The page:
How to create an intelligent call center with Microsoft Azure AI | Azure AI Essentials - read the full article about Call center services, Call Center Services and Calling and answering from Microsoft Azure on Qualified.One
(cheerful music) - Welcome back to Azure AI Essentials.
Today were going to take a look at how you can add language and speech capabilities to your applications with Azure Cognitive Services.
Were going to focus on a call center scenario, since this is a common use case, but the concepts youll learn here will apply to many other scenarios as well.
Organizations across industries rely on call centers to help provide excellent customer service.
These call center interactions can be a source of rich information about customer needs, employee performance, and more, thats largely untapped.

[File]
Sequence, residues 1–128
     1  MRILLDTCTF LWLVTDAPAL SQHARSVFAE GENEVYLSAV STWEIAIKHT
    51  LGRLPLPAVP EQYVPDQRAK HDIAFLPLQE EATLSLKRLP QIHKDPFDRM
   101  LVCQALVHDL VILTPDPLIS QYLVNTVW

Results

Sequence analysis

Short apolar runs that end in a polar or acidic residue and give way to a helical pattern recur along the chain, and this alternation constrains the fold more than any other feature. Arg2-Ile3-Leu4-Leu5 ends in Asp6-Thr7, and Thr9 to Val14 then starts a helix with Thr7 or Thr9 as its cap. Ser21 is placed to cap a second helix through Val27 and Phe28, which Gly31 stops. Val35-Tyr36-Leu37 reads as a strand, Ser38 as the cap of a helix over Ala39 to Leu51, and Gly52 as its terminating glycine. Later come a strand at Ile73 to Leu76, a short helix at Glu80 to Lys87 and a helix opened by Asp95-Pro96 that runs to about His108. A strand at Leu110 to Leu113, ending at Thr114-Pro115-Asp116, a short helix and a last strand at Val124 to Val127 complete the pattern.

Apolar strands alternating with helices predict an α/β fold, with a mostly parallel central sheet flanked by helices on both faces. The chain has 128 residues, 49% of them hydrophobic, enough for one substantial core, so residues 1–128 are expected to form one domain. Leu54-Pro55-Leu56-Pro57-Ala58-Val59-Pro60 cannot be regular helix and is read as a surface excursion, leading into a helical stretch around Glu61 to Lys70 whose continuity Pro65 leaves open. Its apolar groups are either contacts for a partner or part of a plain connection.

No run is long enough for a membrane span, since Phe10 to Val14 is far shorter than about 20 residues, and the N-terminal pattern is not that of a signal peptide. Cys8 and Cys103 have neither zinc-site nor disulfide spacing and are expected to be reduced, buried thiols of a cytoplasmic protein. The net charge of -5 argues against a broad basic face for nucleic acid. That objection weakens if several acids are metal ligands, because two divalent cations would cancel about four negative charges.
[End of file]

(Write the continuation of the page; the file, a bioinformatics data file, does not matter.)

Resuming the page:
Call centers today often sample just a fraction of calls to understand agent performance, and customer insights are often classified manually by agents during or after the call, which can be inefficient and error-prone.
With AI, organizations are increasingly building intelligent call centers, which automate processes and enable them to gain learnings from every customer call.
This can help reduce costs, identify areas of improvement, and improve customer experience.
This diagram represents the main components of an intelligent call center built on Azure AI.
Over the next few minutes, Ill walk you through some basics of Azures Speech and Language Cognitive Services.
The first step in creating an intelligent call center solution is typically to implement automated transcription of calls, which can be done using Azures Speech service.
This is a helpful first step for scenarios like compliance audit, associate training, gaining insights to improve products, and understanding customer satisfaction.